For most of my life, I considered myself to be an anti-social loner, not a team player, prefering to avoid group situations at all possible costs. My mother made me join the Brownies, which was mostly okay. We had snacks and did arts and crafts and sang silly songs. I could deal with that, and if I immersed myself in the arts and crafts I could avoid the other girls and more importantly, the troop leader. She scared the life out of me. Then came Girl Scouts. Uh oh. I was clearly not Girl Scout material. Girl Scouts are expected to interact in the world, earning badges for awesome deeds and selling overpriced cookies to people who really don’t need or want them. And go camping. Hell no. I don’t do camping.
I pretended to go to Girl Scouts, showing up at the spot in front of the school where the car pool mom picked us up so as to be seen by the other girls. Then I’d go hide somewhere until the coast was clear, play on the school playground until it was time to go home, and then walk home, pretending when I got there that I’d had a great time. I didn’t get away with it for long. But my mother was understanding and let me leave the scouts. I was free! Free to spend my time with my books and my cats and my arts and crafts projects! Happy girl!
I grew up. I was lonely, but still convinced I was not a people person. I sat at home alone a lot, drinking too much in front of Food Network shows.
I needed a troup, a community, a network, I just didn’t know that’s what I needed. It was suggested that I needed to get out of the house and challenge myself. What?! But I tried. I signed up for cooking classes, mosaic making classes, knitting classes. But I didn’t make friends or try to fit in. It wasn’t because the women (yes, it was all women in these groups) didn’t try to befriend me. I resisted them, cultivating my misunderstood loner status.
But life has a way of kicking us in our butts when we need it. I needed it. I got my butt kicked. I got help. And I discovered that I am a nice person who thrives among friends and enjoys the company of others. Who knew?!
Call me a late bloomer if you will.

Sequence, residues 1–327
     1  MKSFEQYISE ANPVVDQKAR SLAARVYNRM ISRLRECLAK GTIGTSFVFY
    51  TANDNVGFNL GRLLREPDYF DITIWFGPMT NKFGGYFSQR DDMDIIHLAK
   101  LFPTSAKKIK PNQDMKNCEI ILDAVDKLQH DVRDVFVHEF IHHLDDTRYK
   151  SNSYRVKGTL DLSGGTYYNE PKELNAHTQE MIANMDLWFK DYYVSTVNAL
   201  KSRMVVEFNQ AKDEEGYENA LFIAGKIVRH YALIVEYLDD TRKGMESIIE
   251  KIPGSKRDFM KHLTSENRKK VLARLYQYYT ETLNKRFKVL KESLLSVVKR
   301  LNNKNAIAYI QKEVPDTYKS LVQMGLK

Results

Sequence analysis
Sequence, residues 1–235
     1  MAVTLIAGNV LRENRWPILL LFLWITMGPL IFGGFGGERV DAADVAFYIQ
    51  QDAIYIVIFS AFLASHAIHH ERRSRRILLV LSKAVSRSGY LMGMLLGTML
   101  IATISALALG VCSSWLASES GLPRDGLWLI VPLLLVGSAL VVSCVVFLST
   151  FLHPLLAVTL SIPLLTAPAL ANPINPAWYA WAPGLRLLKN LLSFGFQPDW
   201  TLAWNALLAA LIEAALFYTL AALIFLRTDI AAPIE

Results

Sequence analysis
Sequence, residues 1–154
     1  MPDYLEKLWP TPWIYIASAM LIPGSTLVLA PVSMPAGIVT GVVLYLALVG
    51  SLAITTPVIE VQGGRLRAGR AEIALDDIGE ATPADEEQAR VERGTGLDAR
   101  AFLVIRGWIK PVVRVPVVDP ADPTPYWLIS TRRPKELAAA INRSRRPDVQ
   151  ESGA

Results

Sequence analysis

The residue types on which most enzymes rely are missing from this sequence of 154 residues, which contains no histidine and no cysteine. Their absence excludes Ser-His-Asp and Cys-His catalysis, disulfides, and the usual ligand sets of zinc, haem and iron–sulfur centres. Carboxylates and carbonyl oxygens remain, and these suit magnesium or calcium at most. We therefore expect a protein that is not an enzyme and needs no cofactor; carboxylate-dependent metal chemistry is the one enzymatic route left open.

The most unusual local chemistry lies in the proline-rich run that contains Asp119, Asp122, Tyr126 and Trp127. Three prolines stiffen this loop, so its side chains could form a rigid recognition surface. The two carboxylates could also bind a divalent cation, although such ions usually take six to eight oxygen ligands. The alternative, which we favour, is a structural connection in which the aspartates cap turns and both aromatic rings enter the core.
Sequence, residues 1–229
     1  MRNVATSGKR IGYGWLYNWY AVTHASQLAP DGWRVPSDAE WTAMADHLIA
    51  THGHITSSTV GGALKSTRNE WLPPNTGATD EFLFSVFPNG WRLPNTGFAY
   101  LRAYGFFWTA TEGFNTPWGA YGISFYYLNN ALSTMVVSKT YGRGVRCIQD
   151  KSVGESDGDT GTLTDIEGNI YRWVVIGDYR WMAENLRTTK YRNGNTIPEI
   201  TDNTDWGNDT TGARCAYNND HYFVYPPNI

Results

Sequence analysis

It started with volunteering at an animal shelter, where I started to make friends and find a purpose in life. The animals were my bridge to connecting to people. Then I joined a book group. And had fun! I do things I would never have done 4 years ago, and they all involve other humans.
We have names for collectives of animals. A congregation of alligators, a battery of barracudas, an obstinancy of buffalo, a clowder of cats, a charm of finches, a rhumba of rattlesnakes, etc.
We don’t have such creative names for groups of humans. Women in particular tend to reach out to other women for support and friendship. We need a name. I propose a wonder of women. I finally reached that point in my life where I have discovered that women who gather in groups don’t “cat fight” or backstab; okay, we might gossip a bit. But we help and support each other, offering good listening skills, advice if wanted, and understanding.
A study by Laura Klein and Shelley Taylor suggests that women are genetically hardwired to respond to stress by “seeking and befriending”. I most recently sought and befriended by attending the Ethelridge Road Knitting Salon, in upstate New York last week. What attracted me was the presence of one of my favorite writers, Alice Hoffman. I couldn’t resist the opportunity to spend 2 days in her company. I can knit, but it’s been a while. I was willing to dust off my needles and relearn casting on and purling in order to meet Alice Hoffman.
I recently wrote about having read her book Faithful and how I connected to the main character Shelby. Shelby would have loved our dog mascot for the weekend, Millie.
I had an amazing experience in so many ways. First of all, it really was an adventure for me. I went so far out of my comfort zone (which is admittedly fairly small), renting a car and driving around upstate New York, staying by myself in a bed and breakfast. I felt so grown up.
Was it worth it? Undoubtedly! Everyone was warm and welcoming, helpful and interested. We talked, we knitted, we listened to Alice read, we wrote, we ate well. Our hosts, including Millie, were welcoming and made us feel at home.
It was like Brownies, only better! Arts and crafts–check. Snacks–check. Scary troop leader–no way! And no camping!
The only thing missing from my perspective–a cat.
I’m home now, surrounded by cats, with new knitting projects, new friends to keep in touch with, and charmed memories. I plan to go again next year if all goes well.
My deepest thanks to everyone involved in making the experience so special. It means more to me than words can convey. And you didn’t make me sell cookies or camp!
Peace and hugs.